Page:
The Infamous 'Rainbow Cake' Is Not So Hard After All
There is a cake that has become famous (infamous) on baking blogs and all over the Internet. It's called the "Rainbow cake." It's six layers of rainbow goodness, with each layer representing one color in the rainbow. Roy G Biv would be so excited. Should you ever want to invite him to dinner, be sure to serve this cake.
I have long seen it and wanted to make it since it first appeared on blogger Whisk Kid's blog in 2009. Then she made it with Martha Stewart and the cake exploded on the Internet. It seems like everyone and their mother were talking about it.
I have been wanting to make it for at least two years, but have never had the occasion to do so. Though my husband and I always bake and build cakes from scratch for our children's birthdays, we also usually have very specific requests from our kids. This year we didn't.
I decided my daughter's fifth birthday was the year to attempt this epic monstrosity of a cake. In reading the reviews, I felt pretty nervous about my decision. Each layer has to be baked separately.
So, first, I separated the batter into six bowls and colored them:
Next I baked each layer separately:
We let them cool completely. Then we froze the individual layers for an hour and brought them out for frosting. We frosted each layer:
Finally, we frosted the cake once and then put it in the fridge. Then we frosted again. See below:
The final product:
Here are some tips if you are going to do this yourself:
- Triple your recipe: You will use far more cake batter and buttercream than you think. I made both from scratch (this cake has enough that is artificial in it) and I tripled the recipe. We used every last bit of batter and icing.
- Make a butter cake: This is a bit stiffer than a traditional cake and uses butter over Crisco or vegetable oil, which I prefer.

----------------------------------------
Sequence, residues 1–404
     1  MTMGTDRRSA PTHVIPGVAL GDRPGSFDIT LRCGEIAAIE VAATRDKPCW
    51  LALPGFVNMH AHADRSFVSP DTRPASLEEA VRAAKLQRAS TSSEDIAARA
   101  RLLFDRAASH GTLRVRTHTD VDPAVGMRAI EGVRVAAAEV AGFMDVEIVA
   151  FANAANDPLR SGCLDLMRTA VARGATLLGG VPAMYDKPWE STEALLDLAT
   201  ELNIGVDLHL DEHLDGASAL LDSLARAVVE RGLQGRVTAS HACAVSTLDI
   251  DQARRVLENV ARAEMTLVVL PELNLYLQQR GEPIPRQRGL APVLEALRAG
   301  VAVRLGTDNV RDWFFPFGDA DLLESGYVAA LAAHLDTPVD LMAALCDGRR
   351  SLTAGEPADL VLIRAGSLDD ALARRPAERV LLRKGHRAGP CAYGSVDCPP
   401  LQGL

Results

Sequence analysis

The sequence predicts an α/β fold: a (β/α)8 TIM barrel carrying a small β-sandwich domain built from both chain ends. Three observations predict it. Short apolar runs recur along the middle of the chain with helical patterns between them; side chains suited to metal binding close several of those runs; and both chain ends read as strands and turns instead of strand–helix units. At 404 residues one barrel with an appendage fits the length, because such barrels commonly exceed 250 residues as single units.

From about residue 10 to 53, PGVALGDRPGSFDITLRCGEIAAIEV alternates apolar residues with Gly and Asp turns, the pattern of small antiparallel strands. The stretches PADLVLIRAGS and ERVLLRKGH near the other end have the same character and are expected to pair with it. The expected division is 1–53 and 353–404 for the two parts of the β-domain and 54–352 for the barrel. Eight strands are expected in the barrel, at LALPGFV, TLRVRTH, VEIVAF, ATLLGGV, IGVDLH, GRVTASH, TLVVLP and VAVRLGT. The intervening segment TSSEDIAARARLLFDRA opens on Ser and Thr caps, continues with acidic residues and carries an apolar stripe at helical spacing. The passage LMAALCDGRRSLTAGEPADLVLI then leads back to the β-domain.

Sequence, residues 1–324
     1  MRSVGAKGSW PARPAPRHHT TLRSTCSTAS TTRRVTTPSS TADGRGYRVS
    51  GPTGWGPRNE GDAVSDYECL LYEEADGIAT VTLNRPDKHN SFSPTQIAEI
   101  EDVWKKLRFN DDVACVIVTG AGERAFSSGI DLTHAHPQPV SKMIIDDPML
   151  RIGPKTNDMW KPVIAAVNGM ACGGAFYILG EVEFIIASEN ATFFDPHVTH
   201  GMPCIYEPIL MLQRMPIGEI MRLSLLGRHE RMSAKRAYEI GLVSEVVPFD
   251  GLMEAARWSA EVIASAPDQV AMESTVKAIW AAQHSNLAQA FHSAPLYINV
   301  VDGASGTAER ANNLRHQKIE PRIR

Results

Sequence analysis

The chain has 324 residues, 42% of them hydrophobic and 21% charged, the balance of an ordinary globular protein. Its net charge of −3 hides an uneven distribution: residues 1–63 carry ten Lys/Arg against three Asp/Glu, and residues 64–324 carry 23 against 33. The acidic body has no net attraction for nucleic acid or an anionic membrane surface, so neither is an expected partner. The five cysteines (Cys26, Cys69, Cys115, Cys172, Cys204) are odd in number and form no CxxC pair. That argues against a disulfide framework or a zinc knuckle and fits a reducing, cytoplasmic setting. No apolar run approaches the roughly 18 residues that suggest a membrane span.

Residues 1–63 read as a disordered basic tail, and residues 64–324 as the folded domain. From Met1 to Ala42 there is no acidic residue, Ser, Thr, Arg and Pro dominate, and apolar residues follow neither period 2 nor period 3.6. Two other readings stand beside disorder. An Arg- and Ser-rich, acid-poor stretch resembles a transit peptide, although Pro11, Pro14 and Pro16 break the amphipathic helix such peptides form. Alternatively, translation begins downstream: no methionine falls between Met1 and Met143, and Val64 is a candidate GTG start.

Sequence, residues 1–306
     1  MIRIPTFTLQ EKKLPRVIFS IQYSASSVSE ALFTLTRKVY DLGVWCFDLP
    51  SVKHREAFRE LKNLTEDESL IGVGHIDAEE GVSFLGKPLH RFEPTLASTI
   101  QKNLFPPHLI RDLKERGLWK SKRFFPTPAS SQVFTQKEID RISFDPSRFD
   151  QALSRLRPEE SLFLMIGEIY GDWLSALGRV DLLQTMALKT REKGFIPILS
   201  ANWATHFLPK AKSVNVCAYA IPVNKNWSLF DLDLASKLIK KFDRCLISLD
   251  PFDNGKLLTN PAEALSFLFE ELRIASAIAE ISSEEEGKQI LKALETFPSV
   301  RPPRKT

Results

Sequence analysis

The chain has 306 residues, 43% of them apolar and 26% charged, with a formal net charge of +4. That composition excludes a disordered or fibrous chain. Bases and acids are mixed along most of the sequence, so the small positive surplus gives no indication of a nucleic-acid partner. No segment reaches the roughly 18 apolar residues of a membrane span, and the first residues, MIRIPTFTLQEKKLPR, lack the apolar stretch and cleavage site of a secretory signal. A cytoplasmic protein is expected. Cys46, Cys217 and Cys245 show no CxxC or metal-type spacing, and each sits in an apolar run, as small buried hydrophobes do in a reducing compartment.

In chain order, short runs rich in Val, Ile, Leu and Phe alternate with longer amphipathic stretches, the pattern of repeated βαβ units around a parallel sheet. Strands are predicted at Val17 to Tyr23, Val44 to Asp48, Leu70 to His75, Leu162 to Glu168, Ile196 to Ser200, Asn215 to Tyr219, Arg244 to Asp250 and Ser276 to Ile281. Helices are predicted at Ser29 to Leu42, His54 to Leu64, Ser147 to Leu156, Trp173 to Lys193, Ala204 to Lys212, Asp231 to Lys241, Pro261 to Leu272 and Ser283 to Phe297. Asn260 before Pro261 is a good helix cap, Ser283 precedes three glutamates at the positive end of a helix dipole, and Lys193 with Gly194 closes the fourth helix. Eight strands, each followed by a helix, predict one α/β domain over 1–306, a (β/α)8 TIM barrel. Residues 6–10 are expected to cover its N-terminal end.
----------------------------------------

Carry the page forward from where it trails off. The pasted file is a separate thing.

- Use gel dyes: This is absolutely crucial. If you use the liquid ones, you will be sorely disappointed in the vibrancy. Additionally, you use far less. I only used about two drops of gel dye, but I would have had to use a whole bottle to achieve these colors with liquid dye. If you really hate food dye, there are natural colors available, though the word on the street is that the colors are dull.
- Buy disposable pans: You are baking six cakes. Disposable pans, while not environmentally friendly, make the whole experience much more palatable.
- Use a measuring cup to distribute batter: You want them to be all even, but weighing them out made no sense to me. Just use a measuring cup.
- Do a crumb layer when frosting: Frost once, then put in the fridge for an hour. Then frost again. It may seem like a silly, small thing, but it makes a big difference in the final product.
- Freeze the individual cakes: This helps avoid crumbs when frosting.
- Use cake release: This costs a little more than just butter and flour, but it's worth every penny. It turns out PERFECT cakes with no cracking.
Would you ever attempt the Rainbow Cake?
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